Since my non-college friends have no idea what my undergraduate experience was like at Harvey Mudd College, I thought I would write a throwback blogpost. This is a speech I gave at a senior lunch banquet event near graduation almost exactly 5 years ago. Enjoy!
The Kind of Place that Harvey Mudd was for Me
If someone were to ask me to describe Harvey Mudd College, I would tell that person about a class I took in the spring of our sophomore year. There was carbons lab, where I accidentally learned how to dissolve my wrist watch and get it to drip all over my arm. There was STEMS where I was taught to pretend that everything is just a mass on a spring. But actually, the one class that best embodies the essence of Harvey Mudd College was a class called Real Analysis.
In Real Analysis I learned to question the very definition of real numbers and everything I knew about mathematics. What do you mean I have to prove how to add two real numbers? Proof by common sense and elementary education were strictly prohibited.
Real Analysis was perhaps the hardest class I’ve taken, and my first experience of struggling in math. I wasn’t getting the concepts as quickly as some of my peers, and I couldn’t help feeling incompetent in math, a subject I had always felt confident in. Professor Su said this class was “the gateway to being a math major,” and I think he was trying to motivate us or something. However, to me the “gateway” to mathematics never felt so narrow and without space for an incompetent student like me. In a way, that’s the kind of place that Harvey Mudd was.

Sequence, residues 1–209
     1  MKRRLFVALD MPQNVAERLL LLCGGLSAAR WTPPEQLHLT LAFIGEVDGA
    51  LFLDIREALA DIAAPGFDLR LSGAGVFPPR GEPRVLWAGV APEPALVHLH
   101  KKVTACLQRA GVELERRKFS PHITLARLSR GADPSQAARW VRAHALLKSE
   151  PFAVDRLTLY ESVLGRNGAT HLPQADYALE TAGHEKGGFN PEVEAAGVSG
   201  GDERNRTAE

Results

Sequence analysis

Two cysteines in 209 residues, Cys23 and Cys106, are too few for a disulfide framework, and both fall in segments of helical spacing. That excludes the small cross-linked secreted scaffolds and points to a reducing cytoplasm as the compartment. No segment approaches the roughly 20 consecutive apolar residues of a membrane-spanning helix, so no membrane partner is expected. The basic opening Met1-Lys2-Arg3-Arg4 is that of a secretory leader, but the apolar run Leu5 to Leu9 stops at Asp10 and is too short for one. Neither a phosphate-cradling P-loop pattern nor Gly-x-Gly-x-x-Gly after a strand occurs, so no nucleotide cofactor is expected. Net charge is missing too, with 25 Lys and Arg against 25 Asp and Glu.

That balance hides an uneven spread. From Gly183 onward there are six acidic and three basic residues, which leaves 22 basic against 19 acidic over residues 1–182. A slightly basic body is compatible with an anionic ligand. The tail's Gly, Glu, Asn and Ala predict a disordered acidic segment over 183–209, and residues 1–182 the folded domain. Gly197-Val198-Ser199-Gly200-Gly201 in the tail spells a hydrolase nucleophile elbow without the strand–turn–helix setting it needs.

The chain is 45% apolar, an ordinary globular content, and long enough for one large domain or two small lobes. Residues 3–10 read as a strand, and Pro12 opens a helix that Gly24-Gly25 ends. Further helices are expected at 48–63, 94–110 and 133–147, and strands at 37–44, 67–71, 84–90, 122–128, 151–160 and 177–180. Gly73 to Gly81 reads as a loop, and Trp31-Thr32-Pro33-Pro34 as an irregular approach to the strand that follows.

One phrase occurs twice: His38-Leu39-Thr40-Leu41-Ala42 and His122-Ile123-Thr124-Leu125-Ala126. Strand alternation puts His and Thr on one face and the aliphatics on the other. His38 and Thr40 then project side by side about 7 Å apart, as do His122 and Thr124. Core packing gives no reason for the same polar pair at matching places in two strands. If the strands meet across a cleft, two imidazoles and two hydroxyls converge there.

Fortunately, there’s more to the story. During that semester I was doing a book study with Prof. Su outside of class, and I was uncomfortable. Sitting before me was a super smart incredible professor, and I felt really unworthy to be hanging out with him because I wasn’t doing so well in his class, and I thought I might disappoint him once he got to know me personally. But at our last meeting, we were talking and he said, “I want students to understand that professors don’t value students based on their academic performances.” I’ve heard that from friends, upper classmen, deans, whatever. But to hear from my own professor, whom I really love and admire, at a time when I felt ashamed of my intelligence and thus unworthy of his friendship, that I wasn’t just a student in a seat, not just a letter grade or a number on my transcript, but a valuable person who he wants to know on a personal level, was perhaps the most incredible moment of my college career. And that’s the kind of place that Harvey Mudd was.
There was also a guy name Ryan Muller, who tutored for Real Analysis, and here is why he was incredible. I was at Analysis tutoring, and Ryan Muller, stayed an extra 2 hours to save our butts once again. That was nice. But the story doesn’t end there. Later that night I was working on Analysis in Platt. It was 2 AM and the night was still young, and so was I. I looked up and I saw Ryan Muller working on the circle table near the coffee machine. It was 4 AM and the night was no longer young. I looked up and I saw Ryan Muller worn out but still working. I finished around 5, as the sun came up, and I left Ryan alone and working in Platt. And here’s what I thought: “Are you kidding me? You had this much work but you spent an extra 2 hours tutoring us? Ryan Muller, you are so incredible that I want to be just like you.” And that’s the kind of place that Harvey Mudd was.
You see, it’s true what they say that with great trials, comes strength that help us get through. It was a tough 4 years getting through this narrow “gateway” to higher education, but it was also an incredible 4 years learning from professors and fellow students who helped me and inspired me to stick it through. I am still light-years away from being like Professor Su or Ryan Muller, but I intend to take that part of Harvey Mudd along with me wherever I go.